Let’s say I want to have agents, but then I want to have an agent registry where they can update their current IP address and other “app level” data. What would you assemble this architecture? Like let’s say there is a mainchain that is 6GB, and each node only needs a few MB of data that they control, how would you create this? I was just wondering if this would need to be a centralized backend, or could you have a more traditional blockchain that maintains app level data, and use holochain for the agent-centric architecture? It would be really nice if there was interoperability between these two layers as well.
Hello, and welcome to the weird world of Holochain development We’ve found that most things can be modelled without a ‘main chain’ of any sort. Even things that require a central registry can often be done without a main chain. The big question to ask is:
- Can each member safely update their data without causing conflicts with other members’ data?
If the answer is yes, then it’s really easy and no consensus is needed. If the answer is no, it’s a bit tricky but still possible to do without main chains. Global ledgers or main chains (e.g., blockchain) aren’t necessary for collecting data and making it accessible in a central place; they’re only for getting global agreement on what hasn’t happened — this is mostly related to enforcing uniqueness (you can’t double-spend a token, no two people can register the same domain name or hold title on the same piece of land, etc).
There are simpler solutions for making data discoverable. To use your example, of agents advertising their most recent IP address, there’s no need for global consensus on uniqueness of IP addresses. If two people claim the same IP, that probably just means they’re using the same computer. So they just commit the new record to their chain, publish it to the DHT, and make it easy for others to find it.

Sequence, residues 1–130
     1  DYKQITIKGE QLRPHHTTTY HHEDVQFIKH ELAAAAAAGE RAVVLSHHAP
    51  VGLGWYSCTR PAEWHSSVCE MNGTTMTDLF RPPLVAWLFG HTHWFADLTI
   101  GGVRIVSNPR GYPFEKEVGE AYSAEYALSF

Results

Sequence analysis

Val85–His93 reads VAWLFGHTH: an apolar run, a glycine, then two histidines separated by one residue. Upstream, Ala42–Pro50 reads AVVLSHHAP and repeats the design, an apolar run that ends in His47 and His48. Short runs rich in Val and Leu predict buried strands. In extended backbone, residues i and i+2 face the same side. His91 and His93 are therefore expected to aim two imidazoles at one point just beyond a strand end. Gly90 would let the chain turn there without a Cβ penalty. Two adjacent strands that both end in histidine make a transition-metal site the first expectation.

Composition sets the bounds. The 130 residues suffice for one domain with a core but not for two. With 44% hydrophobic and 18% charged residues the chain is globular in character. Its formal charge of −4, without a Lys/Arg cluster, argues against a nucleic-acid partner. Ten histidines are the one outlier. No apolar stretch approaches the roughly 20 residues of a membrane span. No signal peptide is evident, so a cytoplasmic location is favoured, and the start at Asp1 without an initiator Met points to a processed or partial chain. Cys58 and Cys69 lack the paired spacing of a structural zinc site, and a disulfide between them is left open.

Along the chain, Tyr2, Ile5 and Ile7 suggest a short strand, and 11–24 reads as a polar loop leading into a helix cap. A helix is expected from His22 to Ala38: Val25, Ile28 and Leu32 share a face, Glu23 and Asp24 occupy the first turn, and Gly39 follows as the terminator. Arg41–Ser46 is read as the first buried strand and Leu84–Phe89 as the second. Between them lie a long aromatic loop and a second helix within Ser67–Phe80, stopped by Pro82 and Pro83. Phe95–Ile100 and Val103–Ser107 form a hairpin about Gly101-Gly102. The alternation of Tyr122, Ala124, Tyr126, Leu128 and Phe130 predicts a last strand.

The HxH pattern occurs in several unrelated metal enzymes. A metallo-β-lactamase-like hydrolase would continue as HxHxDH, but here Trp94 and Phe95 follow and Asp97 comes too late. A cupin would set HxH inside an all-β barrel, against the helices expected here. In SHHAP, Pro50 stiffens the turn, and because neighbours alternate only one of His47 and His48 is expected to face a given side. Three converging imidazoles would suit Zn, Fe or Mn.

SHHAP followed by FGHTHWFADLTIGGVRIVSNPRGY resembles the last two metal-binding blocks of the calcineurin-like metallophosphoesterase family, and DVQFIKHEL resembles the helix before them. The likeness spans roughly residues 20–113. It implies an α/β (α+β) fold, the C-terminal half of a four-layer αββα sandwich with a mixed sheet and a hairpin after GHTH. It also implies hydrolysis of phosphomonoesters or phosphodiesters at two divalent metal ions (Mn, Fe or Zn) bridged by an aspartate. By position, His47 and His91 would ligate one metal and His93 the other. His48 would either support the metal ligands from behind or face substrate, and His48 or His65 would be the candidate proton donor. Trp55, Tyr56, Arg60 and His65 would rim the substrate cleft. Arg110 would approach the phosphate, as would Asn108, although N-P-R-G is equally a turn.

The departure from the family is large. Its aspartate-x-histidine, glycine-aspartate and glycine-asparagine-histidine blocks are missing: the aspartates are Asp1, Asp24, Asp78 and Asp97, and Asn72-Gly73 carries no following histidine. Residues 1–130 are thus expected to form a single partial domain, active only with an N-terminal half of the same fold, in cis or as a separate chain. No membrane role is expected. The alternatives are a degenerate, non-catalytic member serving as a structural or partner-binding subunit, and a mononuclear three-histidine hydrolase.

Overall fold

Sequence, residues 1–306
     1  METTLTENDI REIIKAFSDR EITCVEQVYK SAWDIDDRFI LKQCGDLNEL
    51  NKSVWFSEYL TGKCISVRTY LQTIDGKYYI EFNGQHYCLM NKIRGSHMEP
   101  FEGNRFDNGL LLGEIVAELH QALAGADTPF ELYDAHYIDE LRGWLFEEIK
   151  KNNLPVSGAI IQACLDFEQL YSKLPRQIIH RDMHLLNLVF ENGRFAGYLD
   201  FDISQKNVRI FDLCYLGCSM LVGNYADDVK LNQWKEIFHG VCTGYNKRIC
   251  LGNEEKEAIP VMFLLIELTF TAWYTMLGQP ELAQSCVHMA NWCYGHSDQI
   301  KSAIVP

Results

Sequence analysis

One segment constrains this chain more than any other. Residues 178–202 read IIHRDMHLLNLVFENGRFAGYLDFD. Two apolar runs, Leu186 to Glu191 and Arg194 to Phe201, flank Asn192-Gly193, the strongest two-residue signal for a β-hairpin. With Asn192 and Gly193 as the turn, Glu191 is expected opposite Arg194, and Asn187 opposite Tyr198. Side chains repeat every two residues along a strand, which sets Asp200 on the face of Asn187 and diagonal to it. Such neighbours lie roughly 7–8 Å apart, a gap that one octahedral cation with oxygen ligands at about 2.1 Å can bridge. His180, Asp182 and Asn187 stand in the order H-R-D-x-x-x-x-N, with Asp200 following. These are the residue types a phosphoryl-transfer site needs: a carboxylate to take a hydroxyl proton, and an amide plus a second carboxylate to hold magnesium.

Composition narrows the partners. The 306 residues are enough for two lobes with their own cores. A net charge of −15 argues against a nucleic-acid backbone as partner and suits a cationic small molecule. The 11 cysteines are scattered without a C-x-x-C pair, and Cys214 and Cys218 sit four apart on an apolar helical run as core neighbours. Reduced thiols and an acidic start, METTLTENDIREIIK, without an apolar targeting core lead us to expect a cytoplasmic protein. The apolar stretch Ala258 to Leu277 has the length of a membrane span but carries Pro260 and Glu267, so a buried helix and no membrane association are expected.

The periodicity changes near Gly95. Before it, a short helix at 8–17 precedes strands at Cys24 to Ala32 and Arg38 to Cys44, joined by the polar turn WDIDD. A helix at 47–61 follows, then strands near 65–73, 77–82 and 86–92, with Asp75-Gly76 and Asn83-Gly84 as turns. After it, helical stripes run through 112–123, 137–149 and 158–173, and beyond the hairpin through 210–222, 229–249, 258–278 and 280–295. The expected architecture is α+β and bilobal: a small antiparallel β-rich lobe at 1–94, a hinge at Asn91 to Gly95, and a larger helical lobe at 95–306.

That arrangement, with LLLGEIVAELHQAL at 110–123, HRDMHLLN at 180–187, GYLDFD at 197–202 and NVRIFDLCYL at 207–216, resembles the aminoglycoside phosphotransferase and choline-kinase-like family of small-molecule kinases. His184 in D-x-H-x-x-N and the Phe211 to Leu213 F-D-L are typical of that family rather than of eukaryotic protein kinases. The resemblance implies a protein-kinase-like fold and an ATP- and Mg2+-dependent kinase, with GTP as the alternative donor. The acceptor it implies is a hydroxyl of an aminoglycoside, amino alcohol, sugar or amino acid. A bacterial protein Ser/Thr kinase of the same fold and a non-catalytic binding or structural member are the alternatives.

There are different ways to do this, but they all look pretty much the same. On the unstructured DHT, which is just a big pile of data, there’s a special type of metadata called a ‘link’. It’s attached to one piece of data and points to another. Here’s an article about it:
And some design patterns related to the idea:
Note that none of these patterns guarantee uniqueness; they just let people make claims. In the example in link #1, it would be perfectly okay for two people to register the username @alice_ukulele.
If you need uniqueness guarantees in your data, it would be easy to drop in an ‘authority’ node who holds a ‘main chain’ of unique tokens and transactions. And this piece of centralisation might be appropriate for certain use cases. But it’s also possible do it without centralisation. That is another story though… for another time
Let me know if this is clear to you and if you want help understanding certain concepts. I kinda took you on a deep dive here
thanks for the thorough response, this was really helpful. I’ll take some time to dig into the design patterns you recommended, and follow up with any questions. Again, thanks for the thorough response!
Hey I was revisiting this and wondered if you could elaborate on what you meant when you said “But it’s also possible do it without centralisation.”
yeah, you bet! I kind of don’t want to talk about it, because these theories of mine are thoroughly untested, but they should work.